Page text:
1. I’m in favor of Abortion Under Any Circumstances, paid by the Govt, no questions asked. As no point in bringing a child into the world that no one wants or will care for – they are much more likely to become a burden on the state or a criminal.

    2. I’m also in favor of the death penalty. As why keep a killer on Death Row or imprisoned for 20+ years, they have already killed and now they are exacting an onerous penalty to keep them incarcerated.

    3. Very much in favor of drones – as it reduces US casualties, and saves US taxpayer dollars. After Bin Laden was taken out, I had the opportunity on Facebook to get into a debate with an officer of the Pakistan military about how to combat terrorism. My suggestions – which I also shared with a US army major – is to view Al-Qaeda like the Bader-Meinhoff Gang – German terrorists of yesteryear. They were eventually brought to heal by killing their leader and killing any new leader that popped up to replace him. Same with Al-Qaeda, kill the head and the body will die. So save money chasing the rank and file member, target the leaders. Mossad has adopted this very tactic in checking Iran’s nuclear ambitions, by killing Iranian Nuclear Scientists, which is a lot cheaper than attacking Iran itself.

  7. It really isn’t that hard to justify holding either set of positions. As jd said, the pro-choice side does not view the fetus as holding the moral weight of someone born. To them, a fetus and person on death row are not morally equivalent.

    The pro-life side does view the fetus as morally equivalent to a person who has been born, but also sees someone guilty of a crime punishable by death as forfeiting that moral standing and executing them is perfectly acceptable. To them, an innocent child in the womb and a person guilty of murder are not morally equivalent.

    Different views of what has the right to life and whether that can be lost.

  8. your apparent assumption

    well, i don’t really care/think one is consistent or not. just taking the assumption of someone else as a starting point.

  9. @6 “is to view Al-Qaeda like the Bader-Meinhoff Gang – German terrorists of yesteryear. They were eventually brought to heal by killing their leader and killing any new leader that popped up to replace him. ”

    I don’t know where you got the idea from that Germany dealt with the Bader-Meinhoff Gang (or RAF, “Rote Armeefraktion”) by means of an assassination programme – nothing could be further from the truth. The leaders of the first generation (early 1970s; Meinhof, Bader, Ensslin, Raspe) committed suicide in prison in 1976/77 (some deluded left-wingers claim they were murdered by the state but that’s just nonsense). The leaders of the second generation (late 1970s/early 1980s) mostly were eventually captured, spent years in prison and have by now all been released.
    As for the third generation (1980s/early 1990s), apart from some exceptions (like Wolfgang Grams who was killed in a shoot-out with police in 1993) it’s actually completely unknown who these people were. RAF murders from the 1980s remain unsolved, with the perpetrators unidentified and probably still alive somewhere in Germany or other parts of Europe.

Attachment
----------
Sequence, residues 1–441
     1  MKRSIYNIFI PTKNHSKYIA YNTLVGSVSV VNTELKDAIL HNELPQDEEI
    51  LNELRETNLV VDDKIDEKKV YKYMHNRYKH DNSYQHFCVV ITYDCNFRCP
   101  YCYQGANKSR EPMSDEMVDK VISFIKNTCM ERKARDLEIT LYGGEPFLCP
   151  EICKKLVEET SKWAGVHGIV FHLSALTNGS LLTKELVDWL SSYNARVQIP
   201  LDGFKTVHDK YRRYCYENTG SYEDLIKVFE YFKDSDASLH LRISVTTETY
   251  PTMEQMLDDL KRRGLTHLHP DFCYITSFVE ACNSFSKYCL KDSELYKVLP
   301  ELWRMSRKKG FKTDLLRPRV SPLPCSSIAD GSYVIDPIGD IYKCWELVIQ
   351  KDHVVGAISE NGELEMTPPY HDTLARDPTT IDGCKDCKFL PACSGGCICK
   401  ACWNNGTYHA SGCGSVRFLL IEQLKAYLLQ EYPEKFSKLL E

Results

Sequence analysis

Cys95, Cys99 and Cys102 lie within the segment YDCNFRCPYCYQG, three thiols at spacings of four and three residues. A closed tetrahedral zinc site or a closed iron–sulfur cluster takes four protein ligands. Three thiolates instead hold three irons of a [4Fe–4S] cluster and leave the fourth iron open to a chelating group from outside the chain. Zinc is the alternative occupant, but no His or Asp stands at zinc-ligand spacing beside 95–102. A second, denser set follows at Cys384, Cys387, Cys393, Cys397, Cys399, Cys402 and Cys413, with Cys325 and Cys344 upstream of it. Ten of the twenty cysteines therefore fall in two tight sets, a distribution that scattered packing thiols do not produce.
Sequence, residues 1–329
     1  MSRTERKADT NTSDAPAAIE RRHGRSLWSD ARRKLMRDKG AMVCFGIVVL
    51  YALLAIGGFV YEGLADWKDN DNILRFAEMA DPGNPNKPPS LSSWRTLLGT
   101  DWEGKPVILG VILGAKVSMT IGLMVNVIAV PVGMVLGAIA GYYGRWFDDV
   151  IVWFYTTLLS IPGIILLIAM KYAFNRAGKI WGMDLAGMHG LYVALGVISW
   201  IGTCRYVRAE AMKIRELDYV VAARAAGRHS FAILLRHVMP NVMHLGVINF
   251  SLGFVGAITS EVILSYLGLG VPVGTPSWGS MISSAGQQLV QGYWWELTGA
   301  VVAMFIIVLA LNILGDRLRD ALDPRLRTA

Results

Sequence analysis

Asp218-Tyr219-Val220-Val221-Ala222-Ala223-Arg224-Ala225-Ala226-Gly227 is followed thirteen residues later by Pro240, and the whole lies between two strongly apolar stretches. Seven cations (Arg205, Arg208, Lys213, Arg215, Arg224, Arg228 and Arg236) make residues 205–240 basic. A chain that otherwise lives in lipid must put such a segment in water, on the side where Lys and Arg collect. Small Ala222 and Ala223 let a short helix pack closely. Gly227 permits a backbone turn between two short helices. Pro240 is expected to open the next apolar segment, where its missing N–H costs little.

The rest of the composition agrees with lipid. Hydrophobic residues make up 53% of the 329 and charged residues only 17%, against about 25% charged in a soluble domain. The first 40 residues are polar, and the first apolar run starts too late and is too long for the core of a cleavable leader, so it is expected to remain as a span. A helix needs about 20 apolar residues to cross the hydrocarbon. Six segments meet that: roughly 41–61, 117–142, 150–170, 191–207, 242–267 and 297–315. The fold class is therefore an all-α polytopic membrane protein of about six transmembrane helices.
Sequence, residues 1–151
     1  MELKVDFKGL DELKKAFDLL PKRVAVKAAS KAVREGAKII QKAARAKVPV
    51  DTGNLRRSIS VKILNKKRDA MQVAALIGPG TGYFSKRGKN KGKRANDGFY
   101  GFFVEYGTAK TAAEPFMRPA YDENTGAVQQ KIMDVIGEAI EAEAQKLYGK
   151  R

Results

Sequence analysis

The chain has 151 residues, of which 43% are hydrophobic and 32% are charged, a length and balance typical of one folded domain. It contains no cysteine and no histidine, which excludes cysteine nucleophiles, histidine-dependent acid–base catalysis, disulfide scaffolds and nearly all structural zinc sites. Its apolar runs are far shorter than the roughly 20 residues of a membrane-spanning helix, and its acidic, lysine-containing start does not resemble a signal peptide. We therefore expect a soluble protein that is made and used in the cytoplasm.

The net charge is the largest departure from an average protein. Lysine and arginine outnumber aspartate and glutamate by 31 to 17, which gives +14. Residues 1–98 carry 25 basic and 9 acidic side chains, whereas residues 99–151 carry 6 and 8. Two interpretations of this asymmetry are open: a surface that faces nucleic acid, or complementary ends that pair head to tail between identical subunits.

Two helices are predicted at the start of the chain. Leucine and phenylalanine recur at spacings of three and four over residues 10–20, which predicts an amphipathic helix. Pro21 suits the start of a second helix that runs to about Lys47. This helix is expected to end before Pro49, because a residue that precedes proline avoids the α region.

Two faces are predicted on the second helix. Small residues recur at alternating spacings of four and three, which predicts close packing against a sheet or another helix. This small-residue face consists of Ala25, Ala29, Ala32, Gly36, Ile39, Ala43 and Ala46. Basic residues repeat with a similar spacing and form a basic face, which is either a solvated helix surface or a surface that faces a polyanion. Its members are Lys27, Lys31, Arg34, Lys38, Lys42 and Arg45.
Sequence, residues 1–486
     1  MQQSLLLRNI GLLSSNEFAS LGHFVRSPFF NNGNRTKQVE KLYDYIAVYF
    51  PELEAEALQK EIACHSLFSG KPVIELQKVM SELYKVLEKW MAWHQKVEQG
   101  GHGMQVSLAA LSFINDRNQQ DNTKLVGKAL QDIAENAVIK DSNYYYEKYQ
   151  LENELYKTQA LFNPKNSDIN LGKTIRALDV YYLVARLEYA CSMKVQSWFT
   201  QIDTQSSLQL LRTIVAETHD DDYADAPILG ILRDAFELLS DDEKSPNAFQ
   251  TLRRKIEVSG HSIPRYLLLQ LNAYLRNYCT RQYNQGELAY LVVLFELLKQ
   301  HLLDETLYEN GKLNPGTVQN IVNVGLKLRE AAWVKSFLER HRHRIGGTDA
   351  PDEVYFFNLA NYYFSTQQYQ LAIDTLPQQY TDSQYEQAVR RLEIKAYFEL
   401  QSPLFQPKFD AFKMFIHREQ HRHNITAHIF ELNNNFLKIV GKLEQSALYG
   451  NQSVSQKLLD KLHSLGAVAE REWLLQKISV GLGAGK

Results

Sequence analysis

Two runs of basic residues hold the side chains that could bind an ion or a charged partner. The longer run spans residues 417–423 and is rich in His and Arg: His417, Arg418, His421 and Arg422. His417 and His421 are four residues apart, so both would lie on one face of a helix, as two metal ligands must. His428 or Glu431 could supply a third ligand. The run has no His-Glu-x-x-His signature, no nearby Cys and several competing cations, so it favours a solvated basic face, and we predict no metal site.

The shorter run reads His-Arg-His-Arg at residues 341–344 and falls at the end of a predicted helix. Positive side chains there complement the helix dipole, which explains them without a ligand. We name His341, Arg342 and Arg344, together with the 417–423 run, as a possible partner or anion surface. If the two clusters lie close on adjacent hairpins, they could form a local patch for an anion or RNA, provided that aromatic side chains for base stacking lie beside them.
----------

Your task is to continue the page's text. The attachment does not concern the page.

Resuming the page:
Obviously unconnected to the main topic (sorry for that, I hope I don’t attract Mr Khan’s ire for this), but this just jumped at me as something I had to correct.

  10. i don’t really care/think one is consistent or not

    That was my impression too, although I would have appreciated if you dug deeper in the GSS to look for broader patterns of consistency in both types of answers. And even if you didn’t care, one still has to keep in mind that in the science-minded subculture, lack of consistency is too easily conflated with lack of integrity. We expect others to think logically, and if their thinking is truly inconsistent, then we sort of expect a combination of stupidity, inability to listen to the experts, and/or intellectual dishonesty.

  11. @9, German,

    The policy of attacking the leadership and largely ignoring the rank and file (aka ordinary) member was what I was talking about. Germany killed or imprisoned the gang’s leadership. A policy of more bang for the buck.

    Sorry to take this O/T

  12. although I would have appreciated if you dug deeper in the GSS to look for broader patterns of consistency in both types of answers

    what do you mean by this? be precise in the queries you want in the GSS.

    We expect others to think logically

    i don’t think this is true. more explicitly, we expect Others to think logically 🙂 our own norms/beliefs are insulated from our own skeptical gaze. this includes scientists.

    if i understand you correctly if i go by this maxim any topic where i think that the subject(s) in question exhibit my own perception of illogicality needs a preface for why think they’re illogical. e.g., anything where i talk about religion or a political viewpoint i disagree with. more broadly, social science as a whole is going to become a game with an enormous overhead of contextualizing my own subjective assessment of objective facts. do i understand you correctly?

  13. Others to think logically our own norms/beliefs are insulated from our own skeptical gaze. this includes scientists.

    a special qualification here. scientists, though human, are much better when it comes to within-domain models and questions because of the special nature of science. but if you move them out-of-domain they’re pretty mortal. this is obvious in cases like the creationist-engineer-syndrome.

  14. if people are curious, i’m closest to the pro-choice/anti-death penalty position (i don’t reject the death penalty on principle, as much as implementation; i think it may be workable in the future in a transparent society).

  15. @14, Razib,

    I’m in favor of the death penalty partly because I think it’s an efficient use of resources when dealing with serious criminals, and partly because I think genetics and early environment mold a criminal nature, so I am very skeptical that a killer can ever be reclaimed.

  16. we expect Others to think logically 🙂

    LOL. No, no, I wasn’t being like profoundly philosophical here. Just wanted to make a point that an implicit accusation of “inconsistency” may needlessly offend your readers, even if you didn’t really mean it.

  17. #16, ideally there would be an Epoché tag. it regularly does occur that readers confuse my own viewpoint to one i’m restate and taking as a starting point….

  18. 17:
    But the sort of person who would mistake a restatement of another person’s belief as your own probably wouldn’t have the faintest notion what the “Epoché” tag would mean. It’s all Greek to them…